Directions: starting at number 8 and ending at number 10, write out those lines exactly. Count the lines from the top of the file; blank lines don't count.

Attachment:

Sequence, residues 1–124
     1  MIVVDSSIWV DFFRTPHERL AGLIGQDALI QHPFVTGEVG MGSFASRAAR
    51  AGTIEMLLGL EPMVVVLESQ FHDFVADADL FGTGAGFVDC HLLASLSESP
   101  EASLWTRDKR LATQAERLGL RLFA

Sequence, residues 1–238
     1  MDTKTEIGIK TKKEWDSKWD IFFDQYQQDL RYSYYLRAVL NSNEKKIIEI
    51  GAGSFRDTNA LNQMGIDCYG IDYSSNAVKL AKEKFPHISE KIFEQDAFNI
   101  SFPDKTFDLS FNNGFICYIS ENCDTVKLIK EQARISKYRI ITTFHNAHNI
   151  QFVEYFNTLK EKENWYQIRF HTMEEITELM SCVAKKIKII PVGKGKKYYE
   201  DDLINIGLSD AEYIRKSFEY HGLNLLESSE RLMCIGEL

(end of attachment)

   101  SFPDKTFDLS FNNGFICYIS ENCDTVKLIK EQARISKYRI ITTFHNAHNI
   151  QFVEYFNTLK EKENWYQIRF HTMEEITELM SCVAKKIKII PVGKGKKYYE
   201  DDLINIGLSD AEYIRKSFEY HGLNLLESSE RLMCIGEL